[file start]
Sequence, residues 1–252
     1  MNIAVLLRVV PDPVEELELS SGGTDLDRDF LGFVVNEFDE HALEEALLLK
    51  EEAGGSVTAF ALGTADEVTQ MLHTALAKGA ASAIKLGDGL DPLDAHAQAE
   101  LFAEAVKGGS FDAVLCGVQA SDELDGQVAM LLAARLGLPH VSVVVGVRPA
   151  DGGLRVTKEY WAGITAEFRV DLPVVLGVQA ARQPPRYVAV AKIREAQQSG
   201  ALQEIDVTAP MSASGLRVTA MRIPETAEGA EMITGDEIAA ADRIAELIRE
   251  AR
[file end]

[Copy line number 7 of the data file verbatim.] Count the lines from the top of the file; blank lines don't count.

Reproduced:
   251  AR